MILLIONS OF PEOPLE around the world are in the process of telling themselves that they need to quit smoking cigarettes. Some succeed in making the move, while others are fine with deluding themselves about their desire to quit.

And while plenty of programs and smoking cessation aids are out there, a new study has shown that the success of quitting may be accelerated by taking a run.

The recent research, which was published in the journal Mental and Physical Activity, followed 168 smokers across Canada who enrolled in the Run to Quit program, which consisted of weekly sessions that had a classroom component as well as an outdoor walking or running regimen that was targeted toward an eventual 5K run. The results showed that out of the enrollees, 72 stayed with the program until the last week, and 37 of the subjects passed a carbon monoxide test that showed they actually quit. A follow-up six months later found that out of those who completed the program, 91% had at least reduced their smoking.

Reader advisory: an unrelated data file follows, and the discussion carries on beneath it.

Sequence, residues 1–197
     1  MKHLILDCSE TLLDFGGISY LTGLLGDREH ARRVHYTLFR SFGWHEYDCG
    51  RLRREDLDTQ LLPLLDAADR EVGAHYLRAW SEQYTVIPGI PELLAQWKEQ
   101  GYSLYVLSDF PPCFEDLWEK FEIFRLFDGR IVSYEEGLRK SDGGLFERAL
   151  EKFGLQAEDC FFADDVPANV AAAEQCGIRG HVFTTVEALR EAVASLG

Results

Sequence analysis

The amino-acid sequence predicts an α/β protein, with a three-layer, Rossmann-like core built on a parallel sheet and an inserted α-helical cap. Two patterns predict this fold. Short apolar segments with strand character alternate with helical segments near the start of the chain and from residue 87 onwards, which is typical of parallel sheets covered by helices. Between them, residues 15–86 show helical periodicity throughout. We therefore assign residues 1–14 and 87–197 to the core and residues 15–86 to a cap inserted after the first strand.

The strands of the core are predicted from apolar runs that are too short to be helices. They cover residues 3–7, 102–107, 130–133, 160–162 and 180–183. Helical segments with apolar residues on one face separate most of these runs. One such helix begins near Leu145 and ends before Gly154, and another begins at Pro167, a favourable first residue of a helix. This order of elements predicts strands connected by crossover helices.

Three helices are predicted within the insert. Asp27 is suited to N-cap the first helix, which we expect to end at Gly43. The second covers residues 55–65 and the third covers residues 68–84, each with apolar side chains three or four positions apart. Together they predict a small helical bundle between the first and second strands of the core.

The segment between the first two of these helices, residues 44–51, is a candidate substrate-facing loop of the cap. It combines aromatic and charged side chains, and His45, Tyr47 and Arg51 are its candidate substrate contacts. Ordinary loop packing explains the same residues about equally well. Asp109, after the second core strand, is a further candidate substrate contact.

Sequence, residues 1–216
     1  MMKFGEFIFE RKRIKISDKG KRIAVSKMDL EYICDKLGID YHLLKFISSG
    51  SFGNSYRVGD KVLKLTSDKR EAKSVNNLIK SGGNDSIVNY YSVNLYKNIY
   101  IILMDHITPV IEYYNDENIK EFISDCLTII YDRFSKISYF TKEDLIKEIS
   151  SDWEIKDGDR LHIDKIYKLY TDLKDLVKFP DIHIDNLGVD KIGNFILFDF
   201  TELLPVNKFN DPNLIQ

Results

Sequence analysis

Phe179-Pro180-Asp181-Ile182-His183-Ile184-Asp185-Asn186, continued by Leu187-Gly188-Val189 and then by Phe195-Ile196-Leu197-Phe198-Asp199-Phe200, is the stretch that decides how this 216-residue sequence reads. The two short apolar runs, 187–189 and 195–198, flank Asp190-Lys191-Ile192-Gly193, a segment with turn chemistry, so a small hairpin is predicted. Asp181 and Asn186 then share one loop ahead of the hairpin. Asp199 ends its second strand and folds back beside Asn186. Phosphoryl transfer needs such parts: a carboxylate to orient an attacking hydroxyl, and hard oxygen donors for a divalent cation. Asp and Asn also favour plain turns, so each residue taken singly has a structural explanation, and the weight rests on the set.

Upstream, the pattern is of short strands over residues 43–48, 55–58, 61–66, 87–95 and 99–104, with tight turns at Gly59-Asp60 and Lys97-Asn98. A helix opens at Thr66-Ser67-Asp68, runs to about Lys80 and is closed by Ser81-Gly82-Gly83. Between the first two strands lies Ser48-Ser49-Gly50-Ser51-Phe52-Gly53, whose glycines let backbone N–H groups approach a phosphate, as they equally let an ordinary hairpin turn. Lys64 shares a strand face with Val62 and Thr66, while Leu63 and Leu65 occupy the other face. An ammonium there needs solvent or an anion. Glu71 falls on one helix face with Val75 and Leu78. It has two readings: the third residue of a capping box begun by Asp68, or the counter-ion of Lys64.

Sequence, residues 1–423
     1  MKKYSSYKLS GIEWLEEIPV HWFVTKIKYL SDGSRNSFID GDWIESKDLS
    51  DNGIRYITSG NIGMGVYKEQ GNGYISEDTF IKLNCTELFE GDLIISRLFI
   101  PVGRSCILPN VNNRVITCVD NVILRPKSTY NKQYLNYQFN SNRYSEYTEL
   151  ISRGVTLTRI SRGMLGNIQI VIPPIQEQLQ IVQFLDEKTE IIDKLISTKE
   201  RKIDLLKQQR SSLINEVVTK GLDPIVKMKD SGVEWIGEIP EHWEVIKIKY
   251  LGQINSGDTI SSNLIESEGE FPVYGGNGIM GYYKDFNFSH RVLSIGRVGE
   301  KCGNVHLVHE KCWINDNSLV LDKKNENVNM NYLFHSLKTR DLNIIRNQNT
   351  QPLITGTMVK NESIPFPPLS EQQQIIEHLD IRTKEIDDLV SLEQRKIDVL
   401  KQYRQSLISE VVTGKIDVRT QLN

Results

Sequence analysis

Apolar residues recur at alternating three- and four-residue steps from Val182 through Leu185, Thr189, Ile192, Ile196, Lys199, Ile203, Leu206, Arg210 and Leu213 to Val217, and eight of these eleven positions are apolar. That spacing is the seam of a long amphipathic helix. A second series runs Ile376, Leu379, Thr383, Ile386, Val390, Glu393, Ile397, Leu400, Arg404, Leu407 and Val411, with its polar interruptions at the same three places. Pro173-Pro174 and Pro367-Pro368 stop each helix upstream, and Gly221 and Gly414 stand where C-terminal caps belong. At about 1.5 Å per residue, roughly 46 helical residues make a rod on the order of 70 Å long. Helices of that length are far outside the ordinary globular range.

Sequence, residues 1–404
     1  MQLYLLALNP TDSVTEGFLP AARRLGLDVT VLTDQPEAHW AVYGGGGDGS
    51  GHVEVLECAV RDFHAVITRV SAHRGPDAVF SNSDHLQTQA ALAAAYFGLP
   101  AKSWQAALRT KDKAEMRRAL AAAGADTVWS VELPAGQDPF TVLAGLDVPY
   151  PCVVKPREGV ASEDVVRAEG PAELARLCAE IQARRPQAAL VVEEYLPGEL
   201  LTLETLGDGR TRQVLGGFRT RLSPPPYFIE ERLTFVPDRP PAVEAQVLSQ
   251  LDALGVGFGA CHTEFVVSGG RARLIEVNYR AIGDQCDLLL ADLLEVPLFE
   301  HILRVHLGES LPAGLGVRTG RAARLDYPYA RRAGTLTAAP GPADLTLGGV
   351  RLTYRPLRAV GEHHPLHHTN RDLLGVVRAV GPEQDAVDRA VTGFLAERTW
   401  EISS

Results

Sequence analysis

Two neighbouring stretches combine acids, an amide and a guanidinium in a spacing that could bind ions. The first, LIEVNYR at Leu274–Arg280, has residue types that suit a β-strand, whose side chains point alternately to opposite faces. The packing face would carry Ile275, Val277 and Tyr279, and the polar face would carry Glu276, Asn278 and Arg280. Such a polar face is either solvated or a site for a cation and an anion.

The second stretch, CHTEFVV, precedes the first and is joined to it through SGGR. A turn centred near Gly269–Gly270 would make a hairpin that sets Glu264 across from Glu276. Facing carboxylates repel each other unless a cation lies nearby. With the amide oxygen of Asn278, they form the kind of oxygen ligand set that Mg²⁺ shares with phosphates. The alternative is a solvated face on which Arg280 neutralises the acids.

“Even if someone wasn’t able to fully quit, reducing their smoking is great,” said study author Carly Priebe, a postdoctoral fellow in University of British Columbia’s school of kinesiology. “But it’s also about just being active. Most of our sample was new to running, and if it’s something that can become part of their lifestyle then there are health benefits that may counteract some of their smoking behaviors.”